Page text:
The Central Challenges of Our Times: Developmentalism and Anthropocentrism
Satish argues that the central challenges that stand in our way of moving towards an economics “where people matter” are twofold.
“First, our civilisation has come to believe that working on the land, working with our hands, is a kind of backwardness. Development means that everything should be done by machine. So, we are mechanizing our food production, the production of our clothes, shoes, furniture, buildings etcetera. Here’s the problem: When we’re alienated from nature, and alienated from our hands, we lose contact with the earth and with nature.
So, nature becomes a ‘resource for profit’ rather than a ‘source for life’.”
Note the important distinction between being ‘a resource for economy’ as opposed to being ‘a source for life’.”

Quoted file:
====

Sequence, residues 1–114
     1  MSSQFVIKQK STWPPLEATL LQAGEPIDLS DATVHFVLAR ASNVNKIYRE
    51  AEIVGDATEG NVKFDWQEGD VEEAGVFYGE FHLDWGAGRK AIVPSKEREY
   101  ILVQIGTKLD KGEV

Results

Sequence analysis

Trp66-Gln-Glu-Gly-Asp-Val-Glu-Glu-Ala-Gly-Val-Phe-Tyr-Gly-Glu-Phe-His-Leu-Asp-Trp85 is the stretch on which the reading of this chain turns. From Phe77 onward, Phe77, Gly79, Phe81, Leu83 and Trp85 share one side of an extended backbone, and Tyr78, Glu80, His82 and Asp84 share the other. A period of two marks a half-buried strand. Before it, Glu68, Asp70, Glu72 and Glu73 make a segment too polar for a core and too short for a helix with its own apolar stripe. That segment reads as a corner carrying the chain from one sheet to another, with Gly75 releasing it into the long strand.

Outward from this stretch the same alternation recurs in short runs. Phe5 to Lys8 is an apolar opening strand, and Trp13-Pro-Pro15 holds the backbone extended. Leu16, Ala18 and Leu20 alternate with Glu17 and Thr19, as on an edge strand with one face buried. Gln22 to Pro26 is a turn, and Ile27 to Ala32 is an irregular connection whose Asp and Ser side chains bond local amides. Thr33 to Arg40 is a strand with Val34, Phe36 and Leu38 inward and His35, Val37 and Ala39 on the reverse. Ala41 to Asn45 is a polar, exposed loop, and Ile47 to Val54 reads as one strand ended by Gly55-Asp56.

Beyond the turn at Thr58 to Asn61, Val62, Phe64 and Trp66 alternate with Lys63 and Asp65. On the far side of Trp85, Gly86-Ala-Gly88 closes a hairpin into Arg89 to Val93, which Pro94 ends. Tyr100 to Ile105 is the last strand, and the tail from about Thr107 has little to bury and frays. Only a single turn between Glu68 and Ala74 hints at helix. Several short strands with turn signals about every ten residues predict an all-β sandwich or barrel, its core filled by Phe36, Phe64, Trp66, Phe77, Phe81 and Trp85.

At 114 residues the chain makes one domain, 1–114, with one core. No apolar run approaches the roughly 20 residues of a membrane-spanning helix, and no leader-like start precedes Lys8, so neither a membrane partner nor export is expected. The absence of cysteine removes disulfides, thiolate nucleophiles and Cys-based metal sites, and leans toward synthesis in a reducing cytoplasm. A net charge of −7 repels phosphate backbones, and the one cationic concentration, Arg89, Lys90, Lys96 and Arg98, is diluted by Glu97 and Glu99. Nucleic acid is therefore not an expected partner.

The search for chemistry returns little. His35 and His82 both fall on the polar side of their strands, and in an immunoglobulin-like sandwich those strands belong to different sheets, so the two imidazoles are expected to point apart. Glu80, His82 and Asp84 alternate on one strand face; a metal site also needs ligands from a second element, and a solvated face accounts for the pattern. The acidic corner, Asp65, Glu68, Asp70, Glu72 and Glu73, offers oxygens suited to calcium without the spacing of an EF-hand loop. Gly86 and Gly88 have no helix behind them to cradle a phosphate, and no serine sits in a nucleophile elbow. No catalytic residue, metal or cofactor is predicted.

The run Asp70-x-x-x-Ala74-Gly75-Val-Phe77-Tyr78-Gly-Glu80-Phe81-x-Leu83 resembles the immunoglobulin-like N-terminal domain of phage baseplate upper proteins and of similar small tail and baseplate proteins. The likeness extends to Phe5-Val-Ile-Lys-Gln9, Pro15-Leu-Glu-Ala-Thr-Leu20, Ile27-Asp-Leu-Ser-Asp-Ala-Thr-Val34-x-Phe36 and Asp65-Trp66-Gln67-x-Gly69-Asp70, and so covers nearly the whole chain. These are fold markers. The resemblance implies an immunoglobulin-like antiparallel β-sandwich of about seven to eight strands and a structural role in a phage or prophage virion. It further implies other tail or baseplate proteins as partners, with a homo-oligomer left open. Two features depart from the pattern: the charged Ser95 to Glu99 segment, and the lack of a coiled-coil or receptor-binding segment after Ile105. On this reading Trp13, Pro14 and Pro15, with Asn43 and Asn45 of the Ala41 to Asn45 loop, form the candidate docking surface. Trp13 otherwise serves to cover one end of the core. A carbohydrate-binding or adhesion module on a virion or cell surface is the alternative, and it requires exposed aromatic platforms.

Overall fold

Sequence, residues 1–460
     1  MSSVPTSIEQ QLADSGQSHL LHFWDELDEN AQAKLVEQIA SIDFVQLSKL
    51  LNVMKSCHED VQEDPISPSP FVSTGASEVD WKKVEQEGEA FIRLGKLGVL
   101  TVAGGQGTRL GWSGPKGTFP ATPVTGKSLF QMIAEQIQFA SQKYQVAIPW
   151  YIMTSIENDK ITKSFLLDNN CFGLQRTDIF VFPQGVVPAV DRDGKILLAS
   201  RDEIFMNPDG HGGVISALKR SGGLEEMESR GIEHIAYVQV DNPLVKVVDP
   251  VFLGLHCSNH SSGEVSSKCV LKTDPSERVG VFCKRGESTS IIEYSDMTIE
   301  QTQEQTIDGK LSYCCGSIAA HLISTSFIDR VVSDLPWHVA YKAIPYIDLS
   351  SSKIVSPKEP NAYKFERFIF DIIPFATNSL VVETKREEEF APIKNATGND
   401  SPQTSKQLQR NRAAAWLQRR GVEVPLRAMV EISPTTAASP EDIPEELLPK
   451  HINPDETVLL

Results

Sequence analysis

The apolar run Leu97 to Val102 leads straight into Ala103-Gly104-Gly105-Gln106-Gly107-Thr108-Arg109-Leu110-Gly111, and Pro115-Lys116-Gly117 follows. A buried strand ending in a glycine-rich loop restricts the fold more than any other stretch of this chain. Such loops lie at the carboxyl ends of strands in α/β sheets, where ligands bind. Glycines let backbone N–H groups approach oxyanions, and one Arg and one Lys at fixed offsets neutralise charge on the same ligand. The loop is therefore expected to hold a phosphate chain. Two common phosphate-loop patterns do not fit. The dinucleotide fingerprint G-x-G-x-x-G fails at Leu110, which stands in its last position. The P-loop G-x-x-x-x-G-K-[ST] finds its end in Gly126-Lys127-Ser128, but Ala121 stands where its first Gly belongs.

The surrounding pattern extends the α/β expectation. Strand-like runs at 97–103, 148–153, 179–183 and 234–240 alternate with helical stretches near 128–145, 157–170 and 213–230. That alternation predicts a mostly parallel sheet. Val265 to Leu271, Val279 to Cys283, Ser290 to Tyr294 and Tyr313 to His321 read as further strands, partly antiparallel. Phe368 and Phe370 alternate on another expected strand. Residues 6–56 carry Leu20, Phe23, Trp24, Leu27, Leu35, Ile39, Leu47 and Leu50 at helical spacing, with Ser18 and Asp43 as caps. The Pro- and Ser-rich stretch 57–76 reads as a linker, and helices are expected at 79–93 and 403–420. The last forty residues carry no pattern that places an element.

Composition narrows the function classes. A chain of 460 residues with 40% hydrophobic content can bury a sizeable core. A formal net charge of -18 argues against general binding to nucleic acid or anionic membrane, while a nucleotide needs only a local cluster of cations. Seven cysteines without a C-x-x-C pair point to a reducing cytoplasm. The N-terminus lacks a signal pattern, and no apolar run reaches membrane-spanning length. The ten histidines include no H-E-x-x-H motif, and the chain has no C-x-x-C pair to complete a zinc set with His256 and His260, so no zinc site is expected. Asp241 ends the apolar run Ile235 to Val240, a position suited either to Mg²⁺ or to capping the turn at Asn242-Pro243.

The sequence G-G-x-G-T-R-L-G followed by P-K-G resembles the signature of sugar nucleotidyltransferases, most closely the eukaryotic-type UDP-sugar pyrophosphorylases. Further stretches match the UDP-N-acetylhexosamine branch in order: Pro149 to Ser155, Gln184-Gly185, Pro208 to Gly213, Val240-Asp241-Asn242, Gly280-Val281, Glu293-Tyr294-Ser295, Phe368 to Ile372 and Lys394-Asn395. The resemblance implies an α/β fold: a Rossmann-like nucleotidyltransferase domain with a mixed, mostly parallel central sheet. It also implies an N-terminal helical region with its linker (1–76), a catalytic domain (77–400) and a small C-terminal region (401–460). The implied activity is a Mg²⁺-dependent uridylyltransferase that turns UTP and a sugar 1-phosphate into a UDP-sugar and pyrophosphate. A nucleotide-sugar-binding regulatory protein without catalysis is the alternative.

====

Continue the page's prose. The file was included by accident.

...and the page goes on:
“Here’s the problematic mindset brought upon by the industrial revolution: that everything ought to be mechanised. Working by hand is bad; it is a sign of backwardness and done only if you’re uneducated, poor, a peasant, and from the village. But if you’re educated, intelligent, advanced and developed, your hands are believed useful only to work with computers, and maybe not even that. So, the one dominant idea that hampers our way of thinking and doing resides in the notion that everything has to be industrialized.”
“There’s a second difficulty, and it lies in the belief that nature-out-there is not only a resource for the economy but also that it exists only for the benefit of human beings.
This is based on the view that humans are the superior species; all other species exist only for use of human kind. This paradigm thus consists of our separation from nature and the use of nature only for human benefit. Every major institution in our society subscribes to that view: university, school, government, media and business.”
“We need to shift that idea. We need to see that nature has intrinsic value; that nature is good in itself. Therefore, we are nature, as much as trees, forests, rivers and mountains are nature. We are all part of one earth.”
“If we can have such a new paradigm, we will take care of nature. And if we take care of nature, nature will take care of us. The lack of this nature-centred consciousness is the other great difficulty humanity faces.”